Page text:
Define a shadow shader by defining a program that’s called from surface or fog shaders to calculate the occlusion on a surface from a light source.
Shadow shaders are called from surface or fog shaders to occlude the illumination from a given light source. The light will already have been computed by the light shader. The purpose of a shadow shader is to modify the Cl variable. Typically, the light will be occluded, causing the Cl variable to decrease in intensity, however it is possible to create “negative” shadows that increase the illumination due to occlusion.
You will typically use the shadow context to separate illumination from expensive ray-tracing calls (like fastshadow() or filtershadow()). This allows fog shaders (or surface shaders) to easily bypass shadow testing.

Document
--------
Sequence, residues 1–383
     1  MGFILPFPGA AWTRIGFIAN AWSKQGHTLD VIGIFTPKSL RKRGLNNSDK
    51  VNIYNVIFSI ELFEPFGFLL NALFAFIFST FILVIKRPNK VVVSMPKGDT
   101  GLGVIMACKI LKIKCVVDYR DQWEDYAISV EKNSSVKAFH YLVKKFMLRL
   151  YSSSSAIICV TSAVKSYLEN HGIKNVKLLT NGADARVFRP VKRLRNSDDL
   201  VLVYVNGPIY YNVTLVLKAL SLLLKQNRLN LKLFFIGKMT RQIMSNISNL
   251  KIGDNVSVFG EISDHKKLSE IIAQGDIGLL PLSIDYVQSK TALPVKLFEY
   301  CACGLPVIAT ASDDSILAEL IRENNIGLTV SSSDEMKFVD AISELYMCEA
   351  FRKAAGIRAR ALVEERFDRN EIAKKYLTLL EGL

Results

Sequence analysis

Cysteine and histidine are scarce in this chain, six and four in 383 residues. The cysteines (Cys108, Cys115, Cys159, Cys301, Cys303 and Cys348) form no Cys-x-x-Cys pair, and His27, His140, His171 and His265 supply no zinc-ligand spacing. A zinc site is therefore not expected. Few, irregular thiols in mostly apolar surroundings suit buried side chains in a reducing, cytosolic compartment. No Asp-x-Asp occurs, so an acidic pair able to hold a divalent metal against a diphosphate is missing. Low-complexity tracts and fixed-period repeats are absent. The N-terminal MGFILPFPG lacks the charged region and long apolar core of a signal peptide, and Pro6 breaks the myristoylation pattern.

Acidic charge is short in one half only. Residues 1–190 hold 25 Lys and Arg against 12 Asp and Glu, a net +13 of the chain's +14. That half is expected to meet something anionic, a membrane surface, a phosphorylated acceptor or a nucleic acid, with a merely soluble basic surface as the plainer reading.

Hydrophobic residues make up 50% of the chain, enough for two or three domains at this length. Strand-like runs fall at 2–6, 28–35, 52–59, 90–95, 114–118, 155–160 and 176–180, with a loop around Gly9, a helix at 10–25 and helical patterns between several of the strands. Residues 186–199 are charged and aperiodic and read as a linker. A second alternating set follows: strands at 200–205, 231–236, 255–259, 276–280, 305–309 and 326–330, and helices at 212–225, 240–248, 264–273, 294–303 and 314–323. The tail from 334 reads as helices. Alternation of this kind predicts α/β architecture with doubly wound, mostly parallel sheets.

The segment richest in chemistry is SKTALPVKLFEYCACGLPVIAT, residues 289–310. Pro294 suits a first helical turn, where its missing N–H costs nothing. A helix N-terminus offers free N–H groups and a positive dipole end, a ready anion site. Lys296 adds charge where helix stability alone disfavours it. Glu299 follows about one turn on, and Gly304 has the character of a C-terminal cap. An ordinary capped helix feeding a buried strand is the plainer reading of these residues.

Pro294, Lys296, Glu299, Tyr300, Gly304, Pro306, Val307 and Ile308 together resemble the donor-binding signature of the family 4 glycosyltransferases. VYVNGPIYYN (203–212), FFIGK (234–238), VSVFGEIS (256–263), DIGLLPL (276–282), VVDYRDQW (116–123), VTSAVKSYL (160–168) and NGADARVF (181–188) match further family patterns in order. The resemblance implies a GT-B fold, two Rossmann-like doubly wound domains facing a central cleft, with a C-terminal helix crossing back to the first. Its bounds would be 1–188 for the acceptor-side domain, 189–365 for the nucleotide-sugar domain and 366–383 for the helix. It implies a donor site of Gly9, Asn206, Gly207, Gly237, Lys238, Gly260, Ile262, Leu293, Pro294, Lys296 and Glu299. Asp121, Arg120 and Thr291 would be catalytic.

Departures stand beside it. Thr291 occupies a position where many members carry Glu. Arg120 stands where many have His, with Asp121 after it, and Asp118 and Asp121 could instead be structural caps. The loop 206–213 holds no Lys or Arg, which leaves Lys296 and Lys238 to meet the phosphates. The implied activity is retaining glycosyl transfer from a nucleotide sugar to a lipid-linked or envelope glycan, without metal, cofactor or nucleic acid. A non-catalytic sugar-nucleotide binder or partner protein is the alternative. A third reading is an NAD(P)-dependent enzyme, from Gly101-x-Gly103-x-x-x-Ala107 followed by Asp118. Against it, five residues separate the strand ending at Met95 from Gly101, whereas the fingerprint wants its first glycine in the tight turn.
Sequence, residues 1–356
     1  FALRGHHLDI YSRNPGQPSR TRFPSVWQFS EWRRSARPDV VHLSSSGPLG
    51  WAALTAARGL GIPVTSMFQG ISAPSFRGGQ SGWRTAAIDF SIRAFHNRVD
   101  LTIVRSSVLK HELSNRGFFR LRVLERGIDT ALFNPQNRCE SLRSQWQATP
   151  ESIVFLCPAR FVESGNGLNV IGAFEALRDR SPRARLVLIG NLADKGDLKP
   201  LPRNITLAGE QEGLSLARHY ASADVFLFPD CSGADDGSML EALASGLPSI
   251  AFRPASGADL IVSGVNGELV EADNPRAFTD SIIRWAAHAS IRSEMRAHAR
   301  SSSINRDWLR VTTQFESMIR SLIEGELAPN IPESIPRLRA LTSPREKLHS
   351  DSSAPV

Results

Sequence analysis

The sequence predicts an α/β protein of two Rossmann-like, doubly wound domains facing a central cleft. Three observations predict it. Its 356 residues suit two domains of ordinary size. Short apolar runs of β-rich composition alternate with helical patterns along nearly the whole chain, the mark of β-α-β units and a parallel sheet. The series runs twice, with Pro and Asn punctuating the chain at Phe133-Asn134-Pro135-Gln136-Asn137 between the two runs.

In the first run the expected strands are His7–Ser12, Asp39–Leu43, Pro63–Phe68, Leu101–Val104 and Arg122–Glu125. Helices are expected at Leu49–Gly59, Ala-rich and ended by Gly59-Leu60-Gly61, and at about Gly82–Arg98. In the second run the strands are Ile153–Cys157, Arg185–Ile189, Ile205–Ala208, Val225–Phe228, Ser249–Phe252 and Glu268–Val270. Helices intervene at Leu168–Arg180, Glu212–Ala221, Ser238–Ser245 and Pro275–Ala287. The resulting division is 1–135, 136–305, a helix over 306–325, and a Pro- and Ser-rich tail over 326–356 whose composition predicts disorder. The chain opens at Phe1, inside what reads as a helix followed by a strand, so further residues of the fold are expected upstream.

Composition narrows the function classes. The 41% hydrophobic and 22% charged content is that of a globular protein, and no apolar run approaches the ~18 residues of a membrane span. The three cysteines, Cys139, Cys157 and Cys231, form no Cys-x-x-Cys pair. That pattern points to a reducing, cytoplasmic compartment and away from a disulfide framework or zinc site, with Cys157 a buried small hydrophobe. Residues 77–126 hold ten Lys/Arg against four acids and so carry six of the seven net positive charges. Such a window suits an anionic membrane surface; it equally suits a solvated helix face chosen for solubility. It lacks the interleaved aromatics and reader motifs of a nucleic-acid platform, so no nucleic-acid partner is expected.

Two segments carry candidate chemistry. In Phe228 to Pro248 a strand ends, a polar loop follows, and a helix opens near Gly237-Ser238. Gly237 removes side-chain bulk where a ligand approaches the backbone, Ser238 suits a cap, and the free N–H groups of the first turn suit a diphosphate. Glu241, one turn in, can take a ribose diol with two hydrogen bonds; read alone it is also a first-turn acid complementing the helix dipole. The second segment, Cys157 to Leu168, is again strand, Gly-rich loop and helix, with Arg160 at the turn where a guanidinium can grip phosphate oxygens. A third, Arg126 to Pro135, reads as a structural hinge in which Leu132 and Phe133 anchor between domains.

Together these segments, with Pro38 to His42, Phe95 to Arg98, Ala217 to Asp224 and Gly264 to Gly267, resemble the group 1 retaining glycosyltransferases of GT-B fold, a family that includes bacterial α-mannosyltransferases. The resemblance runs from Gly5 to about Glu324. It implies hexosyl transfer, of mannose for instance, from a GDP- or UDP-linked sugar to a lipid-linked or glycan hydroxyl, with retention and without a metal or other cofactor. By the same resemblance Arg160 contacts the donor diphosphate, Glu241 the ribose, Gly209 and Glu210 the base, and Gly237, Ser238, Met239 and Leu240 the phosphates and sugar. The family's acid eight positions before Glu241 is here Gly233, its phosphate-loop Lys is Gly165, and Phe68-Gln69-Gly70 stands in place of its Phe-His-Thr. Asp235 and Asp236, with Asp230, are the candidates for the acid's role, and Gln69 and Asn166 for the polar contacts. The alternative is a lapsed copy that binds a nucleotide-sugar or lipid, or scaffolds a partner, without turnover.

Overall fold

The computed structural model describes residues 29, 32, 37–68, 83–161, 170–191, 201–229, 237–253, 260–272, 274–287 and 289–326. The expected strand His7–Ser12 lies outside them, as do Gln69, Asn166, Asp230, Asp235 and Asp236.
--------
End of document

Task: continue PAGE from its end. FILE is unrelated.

The time at which the shading occurs, as a number from 0 (shutter open) to 1 (shutter close).
Floating point step size for volume rendering.
Position of the point on the surface being shaded. In light or shadow shaders, the P variable contains the point on the light source.
Z-axis in the space of the light. This is a unit vector.
Geometric normal for the surface. This normal represents the “true” normal of the surface being shaded. For example, with Phong shading, the N variable represents the interpolated normal, while the Ng variable represents the true polygon normal.
Vector from the point on the surface to the light source. The length of this vector represents the distance to the light source.
Change in position with respect to the parametric s.
Direction from the eye to the point being shaded. This may or may not be a normalized vector.
Position of the eye.
Change in position with respect to the parametric t.
Parametric t (sometimes called v) coordinate of the surface being shaded.
Shading normal for the surface.
Parametric s (sometimes called u) coordinate of the surface being shaded.
Position of the point on the surface being illuminated.